Monday, February 3, 2014
What's Spanish for Annoying Loud Boy?
As we have previously discussed, I have a passing familiarity with a number of languages, including French, Redneck, Spanish and Sign. You name a language and odds are I can say ‘chicken’ and ‘bathroom’ with relative ease and accuracy.
If you didn’t know, my first two years of high school my mother managed a motel called the Nicholson House in Paris, TX. While it had a storied past, we were told, by 1984 it was a jewel past its prime, like Meg Ryan or a '78 Chrysler Cordoba.
Although I was embarrassed to admit we lived there, it was often fun. We had a pool, Centipede in the game room, a Chinese Buffet in the lobby and I got to work the switchboard, which was something like Lily Tomlin one-ringy-dingying; there were cords that you plugged into the board and then dialed the number for the people. You could even eavesdrop. Not that I would ever do that. I have no interest in secrets, dear reader. The fact that the Rivercrest High newspaper staff named me “Most Likely to Tell a Secret” is coincidental at best.
One of the unique traits of this particular establishment was that half of the rooms were kitchenettes that you could rent by the week or month. This was particularly popular with construction crews that were attempting to gentrify the less fabulous parts of Paris proper.
My sophomore year at Rivercrest High, I was taking beginner’s Spanish, but due to a car wreck or something our new teacher, Senora Franklin, had been unavailable and for the first couple of months of school we had a substitute teacher. I got more useable Spanish from Morgan Freeman on The Electric Company, people. Numbers and colors were mastered, do you hear me? Verb tenses, not so much. However, by Homecoming or so, Senora Franklin was no longer ausente (which is Spanish for absent). Upon her arrival, in gauchos, knee boots and a side ponytail, we dove head first into conjugation which sounded dirty but wasn’t. The first phrase I learned, unsurprisingly, was ‘calle te!’ That means ‘shut up’ in Spanish. I learned this the second day of class. Verbosity is my middle name; my last name is control.
One evening, my mother and I were sitting in our apartment either reading or watching Knight Rider, when we heard a commotion in the parking lot. My father had redesigned 6 motel rooms into a semblance of an apartment. The best part was 5 bathrooms; the worst was my parent’s closet as well as mine, were turned into a hallway to access the other bedrooms. Off the living room, there was a large balcony that overlooked the property, so my mother and I decided to investigate. My Uncle Bill (my father’s sister’s husband) was the night watchman but he was hard of hearing and usually asleep.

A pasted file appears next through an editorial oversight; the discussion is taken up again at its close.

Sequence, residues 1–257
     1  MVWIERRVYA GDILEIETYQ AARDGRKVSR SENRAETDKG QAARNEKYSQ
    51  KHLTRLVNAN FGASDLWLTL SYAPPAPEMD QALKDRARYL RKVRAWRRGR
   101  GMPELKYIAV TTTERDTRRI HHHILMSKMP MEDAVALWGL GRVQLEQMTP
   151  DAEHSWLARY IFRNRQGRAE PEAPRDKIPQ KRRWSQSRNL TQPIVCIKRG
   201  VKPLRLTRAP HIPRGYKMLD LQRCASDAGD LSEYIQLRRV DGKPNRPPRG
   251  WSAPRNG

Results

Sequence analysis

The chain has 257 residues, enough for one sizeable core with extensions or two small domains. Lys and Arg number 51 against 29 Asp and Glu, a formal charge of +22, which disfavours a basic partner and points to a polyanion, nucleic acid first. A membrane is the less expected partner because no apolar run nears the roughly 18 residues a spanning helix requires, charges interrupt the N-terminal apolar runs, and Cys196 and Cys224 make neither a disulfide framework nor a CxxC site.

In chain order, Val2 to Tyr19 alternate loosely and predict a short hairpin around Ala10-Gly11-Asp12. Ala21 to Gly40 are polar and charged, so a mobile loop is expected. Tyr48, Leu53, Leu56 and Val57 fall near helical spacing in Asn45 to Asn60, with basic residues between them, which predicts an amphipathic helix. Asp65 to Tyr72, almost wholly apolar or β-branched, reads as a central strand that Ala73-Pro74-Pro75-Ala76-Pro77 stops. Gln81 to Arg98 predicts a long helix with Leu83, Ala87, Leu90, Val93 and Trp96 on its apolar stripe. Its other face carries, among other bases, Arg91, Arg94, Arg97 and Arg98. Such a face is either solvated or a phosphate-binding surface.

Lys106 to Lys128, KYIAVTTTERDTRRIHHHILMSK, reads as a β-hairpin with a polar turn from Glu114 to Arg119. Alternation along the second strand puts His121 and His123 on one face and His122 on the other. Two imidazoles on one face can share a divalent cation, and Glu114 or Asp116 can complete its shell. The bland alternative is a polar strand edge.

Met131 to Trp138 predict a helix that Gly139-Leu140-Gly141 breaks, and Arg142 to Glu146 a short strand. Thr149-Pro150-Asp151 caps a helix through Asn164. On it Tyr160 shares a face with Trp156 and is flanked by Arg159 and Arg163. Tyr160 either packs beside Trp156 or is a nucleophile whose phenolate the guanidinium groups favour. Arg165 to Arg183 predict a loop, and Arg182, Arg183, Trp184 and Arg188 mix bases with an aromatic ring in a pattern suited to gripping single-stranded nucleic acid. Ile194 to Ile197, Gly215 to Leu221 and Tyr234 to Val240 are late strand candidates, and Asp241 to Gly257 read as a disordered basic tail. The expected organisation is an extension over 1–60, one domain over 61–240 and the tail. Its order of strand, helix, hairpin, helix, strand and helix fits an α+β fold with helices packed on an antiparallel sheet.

The sight that greeted us was a large tenant of Hispanic origin who was being accosted by one of our more senior residents, Miss Lucille. Her 92 ½ year-old, bottle-of-wine-a-day vision had led her to believe her fellow resident, wearing only khaki shorts and himself inebriated, was nude and she felt compelled to use her umbrella as the device to drive home her stance that this was, in fact, unacceptable.
My mother, ever the problem solver, decided to intervene and I wanted to watch, but like Bette Midler, only from a distance. My siblings were more entranced by David Hasslehoff. In retrospect anything was better than Knight Rider. In context, most things paled in comparison. And don’t act like you didn’t watch, too. My family did not singlehandedly keep that show in the Top 10.
My mother, upon rebuffing Miss Lucille and redirecting her to her room with the promise of a free egg roll the next day at lunch, attempted to ask the gentleman if he was part of the road crew, managed by a man named Juan.
My mother said, “Do you work with Juan?”
The Man said , “Que?”
I interrupted “Moootherrrrr. He is oooobviously Hispanic and of course I will have to interpret.”
My mother, “I need someone who knows more than colors and numbers, sweetie, but thank you.”
Me, “Mooootherrrr. You know I am almost semi-fluent, right? Riiiight?”
My mother, “Okay, honey. How do I ask him if he works for Juan?”
Me (out loud), “Hmmm. Well trabajar means ‘ to work’ so yo trabajo would be I work so tu trabaja would be you work so it’s a question so say (suddenly very loudly) TU TRABAJA CON JUAN.” Which if shown phonetically and I was being honest probably sounded more like TEW TRAYBAHO COWAN WAWUN.
She looks at me with that look (you know that look) but turns to him and attempts to repeat the phrase and I interrupt her to remind her to trill her Rs, so it’s more authentic. Then I try to demonstrate how to trill one’s Rs. From the balcony. At top volume. It’s a testament to her good nature that I was allowed to reach puberty.
Of course, the entire time The Man was swaying gently and repeating “Que? Que?”
Realizing that neither of us had a knack for languages, my mother decided to mime “work”. All the while I am screaming TEW TRAYBAHO COWAN WAWUN. My mother starts to mime a shoveling motion and he stops swaying to watch her. She keeps repeating, very loudly (it must be genetic) DO YOU WORK WITH JUAN followed by air-shoveling. At one point she pats the ground and, misunderstanding, the man lay down in the parking lot and smiled a triumphant smile.
Fortunately my screaming quasi-Spanish phrases had roused the aforementioned Juan who came out to collect his employee. Feeling quite proud of my bilinguality, I said, “See? I toooold you I could speak Spanish, moootherrrrr.” She replied, “Yes you did, sweetie. Good job.”
And I always blamed my father for her looking tired all the time.